Khandayati. Turning objects of oppression into spinning weapons

Maya Jay Varadaraj, Station 1 + Station 2 + Station 3. Photo credit: Jonathan Allen

Maya Jay Varadaraj, Large Chakras. Photo Credit: Jonathan Allen

Patriarchal mindsets, abuses and discrimination make India a dangerous country to be a woman. The violence against women can take many forms. Some are blatant such as female foeticide, rape and dowry. Others are more subtle and embedded into mainstream culture.

Take glass bangles for example. The colourful pieces of jewellery are worn by married women all over India. The meaning and rituals associated with bangles may differ from state to state but the essence remains the same: women should never remove nor break them as it would be bad omen for the husband. The bangles are thus handled with great care, making them more precious than the women who wear them. When the husband dies, the glass bangles are smashed from the widow‘s arms.

Photo: Fashion lady

Maya Jay Varadaraj sees the glass bangles as gestures and objects that condone the oppression of women and normalize violence towards them. While studying at the School of the Art Institute of Chicago under the guidance of Ilona Gaynor, the young designer developed a project that uses ordinary household objects to reduce these bangles to dust and then transform them into chakras. A chakra (or chakram) has the same circular shape as the bangle but in the right hands, such as the ones of the female goddess Durga, it becomes a throwing weapon, a symbol of female power and energy.

She explained me why she believes that the tradition of wearing bangles so objectionable:

“These bangles transcend class. When I tell my family that I refuse to wear them during my wedding, they immediately react by telling me: ‘You are destroying your own culture.’ But why would I want to support misogynic aspects of a culture?

Nowadays, women and men are protesting the treatment of women in India but they don’t question the symbols of misogyny because they are attached to their cultural aspects and I find that very hypocritical. That’s also one of the reasons why I wanted the destruction process of the bangles to be transparent: it is an irreverent way to react to the symbol. It signifies that ‘culture’ doesn’t justify everything”

The process that transforms an object of oppression into a one that denotes strength is as follows…

Maya Jay Varadaraj, Station 1 + Station 2 detail. Photo credit: Jonathan Allen

First, the bangles are crushed inside a wet grinder (an appliance used often in Indian cuisine for grinding food grains to produce a paste or batter.) The grinder connects to a vacuum cleaner that sucks up all the shards and drops them into a mixing bowl.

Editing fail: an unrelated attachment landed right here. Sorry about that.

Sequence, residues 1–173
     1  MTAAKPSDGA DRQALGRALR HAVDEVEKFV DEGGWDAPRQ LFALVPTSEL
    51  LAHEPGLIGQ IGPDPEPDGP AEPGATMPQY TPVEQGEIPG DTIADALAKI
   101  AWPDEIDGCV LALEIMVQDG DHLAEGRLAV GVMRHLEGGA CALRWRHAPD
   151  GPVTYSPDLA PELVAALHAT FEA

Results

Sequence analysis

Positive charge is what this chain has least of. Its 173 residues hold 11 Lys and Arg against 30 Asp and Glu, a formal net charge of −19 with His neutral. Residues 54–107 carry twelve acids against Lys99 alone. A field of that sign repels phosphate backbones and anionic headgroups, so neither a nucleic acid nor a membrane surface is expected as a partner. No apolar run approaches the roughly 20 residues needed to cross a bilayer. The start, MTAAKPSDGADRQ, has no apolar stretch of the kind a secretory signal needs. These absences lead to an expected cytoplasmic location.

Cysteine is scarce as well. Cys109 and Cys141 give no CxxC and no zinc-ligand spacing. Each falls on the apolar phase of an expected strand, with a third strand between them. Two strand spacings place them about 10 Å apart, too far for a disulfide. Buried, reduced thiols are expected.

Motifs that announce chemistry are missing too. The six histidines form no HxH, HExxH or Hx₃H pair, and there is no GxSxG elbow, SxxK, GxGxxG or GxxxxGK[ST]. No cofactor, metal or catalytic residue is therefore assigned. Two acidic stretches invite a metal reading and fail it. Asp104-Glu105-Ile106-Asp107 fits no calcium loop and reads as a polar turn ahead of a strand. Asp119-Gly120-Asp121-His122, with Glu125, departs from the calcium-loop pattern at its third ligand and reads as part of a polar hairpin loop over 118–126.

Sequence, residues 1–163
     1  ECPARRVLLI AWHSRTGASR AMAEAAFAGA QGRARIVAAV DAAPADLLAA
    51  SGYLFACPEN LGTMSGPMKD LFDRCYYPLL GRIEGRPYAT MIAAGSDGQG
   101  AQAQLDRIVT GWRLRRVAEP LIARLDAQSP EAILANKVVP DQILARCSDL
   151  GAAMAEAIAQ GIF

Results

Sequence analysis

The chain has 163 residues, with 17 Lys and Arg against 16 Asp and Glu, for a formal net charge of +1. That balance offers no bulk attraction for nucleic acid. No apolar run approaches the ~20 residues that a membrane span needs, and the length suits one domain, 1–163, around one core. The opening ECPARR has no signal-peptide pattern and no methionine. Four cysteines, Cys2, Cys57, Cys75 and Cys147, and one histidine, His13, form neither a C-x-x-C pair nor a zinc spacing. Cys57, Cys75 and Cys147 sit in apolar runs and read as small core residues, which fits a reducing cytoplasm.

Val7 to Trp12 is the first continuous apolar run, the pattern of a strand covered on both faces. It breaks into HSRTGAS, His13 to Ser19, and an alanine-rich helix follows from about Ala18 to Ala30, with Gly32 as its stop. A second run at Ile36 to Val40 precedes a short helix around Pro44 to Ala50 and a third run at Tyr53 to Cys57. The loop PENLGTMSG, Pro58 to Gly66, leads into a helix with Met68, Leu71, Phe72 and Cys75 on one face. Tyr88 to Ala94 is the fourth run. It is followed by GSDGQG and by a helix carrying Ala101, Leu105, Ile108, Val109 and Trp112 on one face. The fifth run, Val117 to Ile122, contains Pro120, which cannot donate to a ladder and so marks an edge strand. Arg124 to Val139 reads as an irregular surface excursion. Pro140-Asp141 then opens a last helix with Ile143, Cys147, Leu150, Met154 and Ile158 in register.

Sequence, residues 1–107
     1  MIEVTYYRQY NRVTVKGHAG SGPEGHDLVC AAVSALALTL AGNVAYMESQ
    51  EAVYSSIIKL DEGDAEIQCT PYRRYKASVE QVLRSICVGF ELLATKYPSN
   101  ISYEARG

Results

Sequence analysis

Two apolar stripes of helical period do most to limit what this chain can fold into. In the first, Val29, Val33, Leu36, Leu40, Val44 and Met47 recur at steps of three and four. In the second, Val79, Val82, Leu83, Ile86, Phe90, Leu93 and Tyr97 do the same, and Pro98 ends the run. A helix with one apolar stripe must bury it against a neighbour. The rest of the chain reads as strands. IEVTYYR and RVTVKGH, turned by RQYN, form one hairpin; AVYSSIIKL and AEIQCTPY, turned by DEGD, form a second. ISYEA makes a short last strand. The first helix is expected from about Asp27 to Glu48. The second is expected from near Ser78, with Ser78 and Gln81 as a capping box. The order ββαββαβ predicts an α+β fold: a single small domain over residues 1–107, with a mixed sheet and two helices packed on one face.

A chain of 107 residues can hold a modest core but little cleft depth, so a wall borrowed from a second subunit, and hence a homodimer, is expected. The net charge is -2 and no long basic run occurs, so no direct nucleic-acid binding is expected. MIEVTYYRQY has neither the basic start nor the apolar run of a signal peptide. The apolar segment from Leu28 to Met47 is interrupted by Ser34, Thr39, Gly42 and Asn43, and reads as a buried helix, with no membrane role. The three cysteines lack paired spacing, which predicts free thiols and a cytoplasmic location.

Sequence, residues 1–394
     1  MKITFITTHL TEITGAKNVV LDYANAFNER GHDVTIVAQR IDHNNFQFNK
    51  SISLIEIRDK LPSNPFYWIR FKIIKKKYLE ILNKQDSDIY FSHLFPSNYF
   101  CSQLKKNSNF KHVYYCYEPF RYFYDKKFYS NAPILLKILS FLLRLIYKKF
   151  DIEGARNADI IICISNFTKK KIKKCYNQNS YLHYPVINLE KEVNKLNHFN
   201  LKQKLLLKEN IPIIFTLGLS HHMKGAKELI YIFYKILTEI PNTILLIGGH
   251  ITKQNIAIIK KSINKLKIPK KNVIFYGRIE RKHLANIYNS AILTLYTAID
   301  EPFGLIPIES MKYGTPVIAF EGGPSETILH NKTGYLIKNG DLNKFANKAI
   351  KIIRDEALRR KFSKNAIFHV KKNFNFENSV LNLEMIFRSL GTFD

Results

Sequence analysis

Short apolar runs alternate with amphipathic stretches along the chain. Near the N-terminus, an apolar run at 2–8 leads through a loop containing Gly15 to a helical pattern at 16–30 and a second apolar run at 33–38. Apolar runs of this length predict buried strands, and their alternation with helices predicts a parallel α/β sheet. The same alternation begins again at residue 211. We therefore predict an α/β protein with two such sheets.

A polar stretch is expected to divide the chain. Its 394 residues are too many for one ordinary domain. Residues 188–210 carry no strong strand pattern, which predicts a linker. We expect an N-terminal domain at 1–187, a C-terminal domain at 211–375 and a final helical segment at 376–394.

Maya Jay Varadaraj, Station 1 detail. Photo credit: Jonathan Allen

Maya Jay Varadaraj, Station 1 detail with crushed glass. Photo credit: Jonathan Allen

In the final step in the transformation, the shards are spread in a circular motion and placed inside a microwavable kiln. After a few minutes, the shards have melted into chakras.

Maya Jay Varadaraj, Station 3 detail: kiln in the microwave. Photo Credit: Jonathan Allen

Maya Jay Varadaraj, Chakra made in a microwavable kiln

Maya Jay Varadaraj, Large Chakras. Photo Credit: Jonathan Allen

The project is called Khandayati, meaning “to break” in Sanskrit. “A lot of Indian epics and laws were first written in Sanskrit and then translated into all the other languages,” the designer explains. “It was important to me to use the same language while confronting these laws and traditions.”

The objects are displayed under acrylic vitrines as if they were anthropological artifacts documenting the protest of Indian women who had hacked pieces of household electronics in order to destroy and transform objects that forcefully defined them.

In addition to objects, garments, and traditions, the identity of women in India has also been prescribed by idealized imagery such as the ones printed on the calendars sold by the Empire Calendar Company. Varadaraj modified some of these images through digital collage in order to question and confuse traditional identities.

Maya Jay Varadaraj, W**** at T**. Photo Credit: Jonathan Allen

‘Khandayati’ exhibited at Design Show 2017, Block 37, Chicago, Illinois, May 2017. Photo Credit: Ambika Singh

Maya Jay Varadaraj working on the prototypes

Maya Jay Varadaraj, Station 3 detail. Photo credit: Jonathan Allen

For more details and background, check out the Graduate Student Lecture that Maya Jay Varadaraj gave at SAIC a few months ago.